My Favorite Sports Films: Dance

 

IMG_7135.CR2

Because dance is a sport.
Although I do realize that most of these films have other complex undertones that would disqualify them from being considered canonical sports films on a normal list.  But I don’t actually like sports films very much- if by that you mean just watching physical exertion and posturing- I’d much rather watch something with some art, psychological suspense, romance, or history to it. Continue reading “My Favorite Sports Films: Dance”

Winter Ball, the Last

“Winter Ball comma the Last”

It’s very weird because ballroom dance has been my big extracurricular all throughout college, and yes, I’ve had plenty of previous dance experience, but ballroom was never something I had done before. Now that senior year is drawing to a close (it still feels unlikely, but Lily was just telling me that her last final is two months from today), I can feel my ballroom aspirations and enthusiasms also naturally winding down. I’m grateful, because I don’t want to leave Yale and miss ballroom too desperately- I want the mental space to make new choices and try new things.
Of course I still love spending time with the team. Just as ballroom has been my main/only extracurricular, it’s also been my biggest social outlet at Yale. The people on the team are not just “my team” but some of my best friends, and I hope to stay in touch with them for many years to come. The fact that I’ve stayed in close touch with a few previous graduates bodes well.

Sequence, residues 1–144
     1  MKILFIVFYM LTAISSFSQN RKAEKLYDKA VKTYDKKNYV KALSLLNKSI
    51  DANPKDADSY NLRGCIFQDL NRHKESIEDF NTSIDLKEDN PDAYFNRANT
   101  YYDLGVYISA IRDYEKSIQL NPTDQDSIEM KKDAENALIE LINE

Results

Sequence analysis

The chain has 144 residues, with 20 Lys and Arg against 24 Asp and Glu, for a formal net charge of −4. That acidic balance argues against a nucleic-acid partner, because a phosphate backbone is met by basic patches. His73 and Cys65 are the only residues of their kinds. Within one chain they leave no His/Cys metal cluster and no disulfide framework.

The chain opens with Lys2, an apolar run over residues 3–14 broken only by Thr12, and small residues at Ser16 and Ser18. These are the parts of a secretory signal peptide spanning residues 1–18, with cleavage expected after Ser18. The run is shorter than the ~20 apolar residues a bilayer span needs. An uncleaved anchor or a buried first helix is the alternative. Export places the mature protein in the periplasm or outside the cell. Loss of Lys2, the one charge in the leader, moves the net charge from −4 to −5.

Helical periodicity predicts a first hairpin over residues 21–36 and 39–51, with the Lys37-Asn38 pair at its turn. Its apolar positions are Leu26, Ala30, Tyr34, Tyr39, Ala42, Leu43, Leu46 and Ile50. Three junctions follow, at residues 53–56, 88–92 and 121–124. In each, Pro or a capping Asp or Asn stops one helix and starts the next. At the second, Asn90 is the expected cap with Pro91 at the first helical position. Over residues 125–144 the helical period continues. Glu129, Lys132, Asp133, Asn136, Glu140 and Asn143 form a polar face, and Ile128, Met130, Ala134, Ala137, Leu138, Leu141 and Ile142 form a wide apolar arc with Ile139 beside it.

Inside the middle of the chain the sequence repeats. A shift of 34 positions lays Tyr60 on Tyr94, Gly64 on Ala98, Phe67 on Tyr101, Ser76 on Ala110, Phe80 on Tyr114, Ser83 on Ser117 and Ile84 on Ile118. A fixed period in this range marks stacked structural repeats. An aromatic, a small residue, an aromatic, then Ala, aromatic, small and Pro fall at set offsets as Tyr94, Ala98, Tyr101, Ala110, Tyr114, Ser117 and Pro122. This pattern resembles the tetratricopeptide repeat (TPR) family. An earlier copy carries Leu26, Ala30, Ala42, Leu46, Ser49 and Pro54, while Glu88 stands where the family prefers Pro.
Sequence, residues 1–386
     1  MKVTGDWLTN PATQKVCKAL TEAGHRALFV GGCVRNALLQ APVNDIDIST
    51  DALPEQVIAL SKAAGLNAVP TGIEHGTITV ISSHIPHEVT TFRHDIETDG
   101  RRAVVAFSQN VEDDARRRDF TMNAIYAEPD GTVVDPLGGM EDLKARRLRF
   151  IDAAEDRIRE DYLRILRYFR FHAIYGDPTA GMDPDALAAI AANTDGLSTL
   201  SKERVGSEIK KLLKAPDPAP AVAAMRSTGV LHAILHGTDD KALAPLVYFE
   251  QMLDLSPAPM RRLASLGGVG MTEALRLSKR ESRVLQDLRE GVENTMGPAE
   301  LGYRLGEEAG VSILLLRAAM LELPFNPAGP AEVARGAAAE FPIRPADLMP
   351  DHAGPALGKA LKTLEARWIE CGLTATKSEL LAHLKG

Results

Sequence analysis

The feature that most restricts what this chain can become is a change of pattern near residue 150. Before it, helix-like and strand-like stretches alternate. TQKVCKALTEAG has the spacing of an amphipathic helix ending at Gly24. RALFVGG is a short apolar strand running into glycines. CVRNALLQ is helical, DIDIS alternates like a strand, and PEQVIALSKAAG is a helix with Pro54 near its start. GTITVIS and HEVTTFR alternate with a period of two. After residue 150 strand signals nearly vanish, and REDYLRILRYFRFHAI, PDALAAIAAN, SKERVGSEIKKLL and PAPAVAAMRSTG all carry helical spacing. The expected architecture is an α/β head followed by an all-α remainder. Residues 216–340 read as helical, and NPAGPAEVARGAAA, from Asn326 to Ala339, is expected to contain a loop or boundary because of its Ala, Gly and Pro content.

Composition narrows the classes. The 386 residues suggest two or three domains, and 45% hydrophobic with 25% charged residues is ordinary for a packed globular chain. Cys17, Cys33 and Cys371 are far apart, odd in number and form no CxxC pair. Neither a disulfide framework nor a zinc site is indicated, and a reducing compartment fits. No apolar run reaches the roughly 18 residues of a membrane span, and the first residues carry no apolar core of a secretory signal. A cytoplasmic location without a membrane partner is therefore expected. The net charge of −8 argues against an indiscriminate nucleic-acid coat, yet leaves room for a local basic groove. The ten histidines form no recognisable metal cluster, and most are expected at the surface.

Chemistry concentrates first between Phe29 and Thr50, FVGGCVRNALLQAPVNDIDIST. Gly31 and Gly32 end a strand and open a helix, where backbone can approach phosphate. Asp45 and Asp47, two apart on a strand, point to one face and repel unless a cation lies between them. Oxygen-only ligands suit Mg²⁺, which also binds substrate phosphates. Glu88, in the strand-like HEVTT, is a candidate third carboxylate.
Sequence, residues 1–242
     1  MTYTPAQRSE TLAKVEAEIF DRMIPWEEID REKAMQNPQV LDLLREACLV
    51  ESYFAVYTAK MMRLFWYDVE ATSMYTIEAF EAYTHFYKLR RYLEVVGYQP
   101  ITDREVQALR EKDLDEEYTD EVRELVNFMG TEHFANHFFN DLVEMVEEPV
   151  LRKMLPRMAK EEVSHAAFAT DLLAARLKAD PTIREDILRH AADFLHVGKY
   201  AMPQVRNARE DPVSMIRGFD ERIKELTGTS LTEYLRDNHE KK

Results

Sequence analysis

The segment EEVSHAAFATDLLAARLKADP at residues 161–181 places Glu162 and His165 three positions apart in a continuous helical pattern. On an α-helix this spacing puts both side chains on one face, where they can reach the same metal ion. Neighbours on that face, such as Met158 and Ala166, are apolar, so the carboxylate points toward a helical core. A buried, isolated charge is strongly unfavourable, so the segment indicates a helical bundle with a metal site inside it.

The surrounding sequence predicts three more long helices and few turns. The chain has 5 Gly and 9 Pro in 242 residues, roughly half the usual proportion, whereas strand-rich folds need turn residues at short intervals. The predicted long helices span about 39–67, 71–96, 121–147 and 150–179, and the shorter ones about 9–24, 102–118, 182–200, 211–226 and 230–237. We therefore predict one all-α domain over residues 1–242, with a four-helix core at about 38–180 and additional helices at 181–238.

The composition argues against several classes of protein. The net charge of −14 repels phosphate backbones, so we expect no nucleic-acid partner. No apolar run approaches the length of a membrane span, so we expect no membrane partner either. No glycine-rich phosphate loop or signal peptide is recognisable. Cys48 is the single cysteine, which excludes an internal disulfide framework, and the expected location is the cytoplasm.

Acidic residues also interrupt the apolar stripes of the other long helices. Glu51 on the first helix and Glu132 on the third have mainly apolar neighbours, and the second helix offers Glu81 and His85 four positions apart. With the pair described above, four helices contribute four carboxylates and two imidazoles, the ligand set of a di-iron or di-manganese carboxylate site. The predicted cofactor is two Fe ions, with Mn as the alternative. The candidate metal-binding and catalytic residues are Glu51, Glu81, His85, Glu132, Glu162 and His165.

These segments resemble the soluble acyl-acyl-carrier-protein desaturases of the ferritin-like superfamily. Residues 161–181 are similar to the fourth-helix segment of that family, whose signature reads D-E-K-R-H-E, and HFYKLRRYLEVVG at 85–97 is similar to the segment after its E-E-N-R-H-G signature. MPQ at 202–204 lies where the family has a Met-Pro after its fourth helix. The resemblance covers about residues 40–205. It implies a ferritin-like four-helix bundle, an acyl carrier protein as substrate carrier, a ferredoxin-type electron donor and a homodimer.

Ballroom dance may end up, for me, becoming inextricably linked with my Yale experience- my college self- and being one of the sweetest parts. Just how horses and horseback riding is so much bound up with middle school and high school, and Girl Scouts with elementary.
If we can learn anything from history, it’s that if I leave ballroom behind I’ll still love it and miss it, just as I miss horses (but less so riding, which started to get very stressful when I reached a certain competitive level). And even if I leave ballroom behind chances are that I’ll still be dancing, somehow, somewhere. I’ve been dancing for more than ten years and I can’t imagine life without doing something like that (even if it’s only social or… in the privacy of my room with the music loud 😉 ). Continue reading “Winter Ball, the Last”

Sia’s Sambas

V Festival At Hylands Park - Day 1

A list can be as short as one item. Which is why I think this list of three (okay, four if you count the less excellent House on Fire) is Very Much A List.

And while I’m feeling rather better today, I’m sticking with this topic because it minimizes the necessity of subjective thinking on my part. Because thinking is, frankly, exhausting.  I’ve only fatigue and a sore throat today, so I’m going to classes and returning to ballroom practice.  But I vow to do everything (including blogging) half-heartedly and with a minimum of effort.
Here, we have Sia on the one hand and ballroom dance genre samba on the other hand. And in the middle you have some Venn diagram-y overlap in the shape of three great songs and House on Fire, which will henceforth not be mentioned. Continue reading “Sia’s Sambas”